Private firms to test Nevada’s online poker security; Cantor IPO; MGM cyber-win

TAGs: Cantor Gaming, cybersquatting, MGM Resorts, Nevada gaming control board, Shuffle Master

nevada-online-poker-mgm-resorts-cantor-gaming-ipoNevada will employ private firms to help test the safety and security of its new online poker licensees’ technology. The Nevada Gaming Control Board (GCB) issued a notice on Jan. 5 announcing that it was “accepting applications for registration of independent testing laboratories” prior to the adoption of the state’s AB 279 online poker regulations, the basic framework of which was approved just before Christmas. The GCB is currently drafting more detailed versions of these regs, which it will publish on its website “in the coming weeks.” A regulatory public workshop in Las Vegas is tentatively scheduled for Feb. 22, while the final draft of the regs must be adopted prior to May 1, 2012. CardPlayer quoted UNLV’s Director of the Center for Gaming Research Dr. David Schwartz as saying independent companies’ help was necessary because there was a ‘bottleneck’ in the state’s testing labs.

Cantor Entertainment Technology (CET) aka Cantor Gaming is one of seven companies (so far) to submit an application to Nevada regulators in relation to the new online poker scheme. Cantor, which already operates multiple sportsbooks at Las Vegas casinos and provides mobile gambling within casino boundaries via its proprietary eDeck device, is seeking to become a service provider for one of the casino giants that eventually receives an operators’ license. Looking to feed off all the promise and potential in the air (and maybe some of that confusion the AGA’s always talking about), CET is preparing to take itself public. No date has yet been scheduled, but CET hopes to raise $100m via the offering, a pretty penny considering the company had an operating loss of $16.6m in the first nine months of 2011 (on revenues of only $7.7m), owes $144m to parent company Cantor Fitzgerald, not to mention the minor matter of owner Howard Lutnick’s intention to retain 100% control of the company via ‘supervoting’ shares. Damn, Howard… You had us at ‘hello’…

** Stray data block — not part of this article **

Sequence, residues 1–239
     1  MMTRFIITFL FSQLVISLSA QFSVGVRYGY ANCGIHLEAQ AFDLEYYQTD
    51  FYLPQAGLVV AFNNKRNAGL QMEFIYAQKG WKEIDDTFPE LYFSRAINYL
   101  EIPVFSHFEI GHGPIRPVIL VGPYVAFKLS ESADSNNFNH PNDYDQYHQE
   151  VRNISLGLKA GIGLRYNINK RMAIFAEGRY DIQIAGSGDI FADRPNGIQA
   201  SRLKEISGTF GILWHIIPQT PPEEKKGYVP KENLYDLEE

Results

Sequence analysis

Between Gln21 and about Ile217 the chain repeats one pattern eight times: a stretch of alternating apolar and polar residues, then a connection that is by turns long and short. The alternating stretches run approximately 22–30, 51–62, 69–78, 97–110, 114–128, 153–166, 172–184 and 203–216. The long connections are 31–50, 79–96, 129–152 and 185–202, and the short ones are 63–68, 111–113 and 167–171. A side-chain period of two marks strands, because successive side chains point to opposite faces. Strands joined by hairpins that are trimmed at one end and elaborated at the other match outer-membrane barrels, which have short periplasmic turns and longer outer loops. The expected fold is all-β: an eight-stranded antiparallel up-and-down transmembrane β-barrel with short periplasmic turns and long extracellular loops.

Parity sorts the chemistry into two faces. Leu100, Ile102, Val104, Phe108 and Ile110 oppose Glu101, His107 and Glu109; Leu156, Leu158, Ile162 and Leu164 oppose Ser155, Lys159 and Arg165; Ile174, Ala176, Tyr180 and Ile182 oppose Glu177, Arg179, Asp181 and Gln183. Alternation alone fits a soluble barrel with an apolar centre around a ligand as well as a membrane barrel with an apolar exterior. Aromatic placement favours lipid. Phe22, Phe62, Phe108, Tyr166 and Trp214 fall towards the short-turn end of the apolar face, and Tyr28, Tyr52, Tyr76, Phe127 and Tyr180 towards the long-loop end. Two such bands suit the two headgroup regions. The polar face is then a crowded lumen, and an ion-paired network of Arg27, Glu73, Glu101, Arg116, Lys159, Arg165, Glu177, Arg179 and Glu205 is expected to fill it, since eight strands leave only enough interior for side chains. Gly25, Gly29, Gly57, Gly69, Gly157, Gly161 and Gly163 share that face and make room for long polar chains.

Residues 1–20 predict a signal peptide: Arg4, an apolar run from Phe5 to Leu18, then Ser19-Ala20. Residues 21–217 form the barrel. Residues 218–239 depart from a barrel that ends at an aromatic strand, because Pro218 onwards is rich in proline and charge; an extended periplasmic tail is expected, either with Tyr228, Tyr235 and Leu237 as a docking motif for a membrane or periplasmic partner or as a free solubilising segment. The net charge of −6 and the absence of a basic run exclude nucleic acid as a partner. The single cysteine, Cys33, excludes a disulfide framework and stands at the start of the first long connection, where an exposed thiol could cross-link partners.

MGM Resorts International has been granted a preliminary injunction against the ‘entrepreneurs’ cybersquatting on MGM-related domains. As first reported on, federal Judge Philip Pro ordered hosting companies Inc., Wild West Domains Inc. and Melbourne IT Inc. to place the domains — including,, etc. – on hold and to lock and deposit them with the Court. Judge Pro’s decision stated that MGM was likely to “suffer irreparable injury to its valuable trademarks and associated goodwill” if the cybersquatters were allowed to carry on squatting. Pro also remarked that MGM was “likely to succeed on the merits of its claims for cyber squatting and trademark infringement.” MGM has been on a cyber-suing binge of late, having filed suit just last week against a Hong Kong company for cybersquatting shenanigans.

Shuffle Master Inc. has acquired Fire Bet, a craps side bet with over 330 installs across America, from HopBet Inc. Calling Fire Bet “one of the elite products in table games,” Shuffle Master exec VP Roger Snow said the acquisition was “a continuation of our strategy to build our intellectual property portfolio.”


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